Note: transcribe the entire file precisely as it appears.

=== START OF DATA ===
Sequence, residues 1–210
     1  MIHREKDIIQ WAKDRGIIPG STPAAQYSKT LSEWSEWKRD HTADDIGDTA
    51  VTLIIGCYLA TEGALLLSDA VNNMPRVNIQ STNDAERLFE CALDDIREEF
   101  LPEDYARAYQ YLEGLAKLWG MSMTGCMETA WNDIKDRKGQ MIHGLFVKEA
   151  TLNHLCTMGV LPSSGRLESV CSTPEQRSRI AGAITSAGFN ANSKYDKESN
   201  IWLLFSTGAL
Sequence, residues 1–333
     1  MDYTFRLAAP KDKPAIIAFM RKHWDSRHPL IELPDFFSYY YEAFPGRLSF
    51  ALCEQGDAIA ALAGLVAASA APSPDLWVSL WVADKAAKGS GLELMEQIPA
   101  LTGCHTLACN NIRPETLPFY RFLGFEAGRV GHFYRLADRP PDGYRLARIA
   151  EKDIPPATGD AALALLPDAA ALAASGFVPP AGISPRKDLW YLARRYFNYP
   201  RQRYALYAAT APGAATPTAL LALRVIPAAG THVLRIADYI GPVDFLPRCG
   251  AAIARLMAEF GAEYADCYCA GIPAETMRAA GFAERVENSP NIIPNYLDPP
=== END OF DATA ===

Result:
Sequence, residues 1–210
     1  MIHREKDIIQ WAKDRGIIPG STPAAQYSKT LSEWSEWKRD HTADDIGDTA
    51  VTLIIGCYLA TEGALLLSDA VNNMPRVNIQ STNDAERLFE CALDDIREEF
   101  LPEDYARAYQ YLEGLAKLWG MSMTGCMETA WNDIKDRKGQ MIHGLFVKEA
   151  TLNHLCTMGV LPSSGRLESV CSTPEQRSRI AGAITSAGFN ANSKYDKESN
   201  IWLLFSTGAL
Sequence, residues 1–333
     1  MDYTFRLAAP KDKPAIIAFM RKHWDSRHPL IELPDFFSYY YEAFPGRLSF
    51  ALCEQGDAIA ALAGLVAASA APSPDLWVSL WVADKAAKGS GLELMEQIPA
   101  LTGCHTLACN NIRPETLPFY RFLGFEAGRV GHFYRLADRP PDGYRLARIA
   151  EKDIPPATGD AALALLPDAA ALAASGFVPP AGISPRKDLW YLARRYFNYP
   201  RQRYALYAAT APGAATPTAL LALRVIPAAG THVLRIADYI GPVDFLPRCG
   251  AAIARLMAEF GAEYADCYCA GIPAETMRAA GFAERVENSP NIIPNYLDPP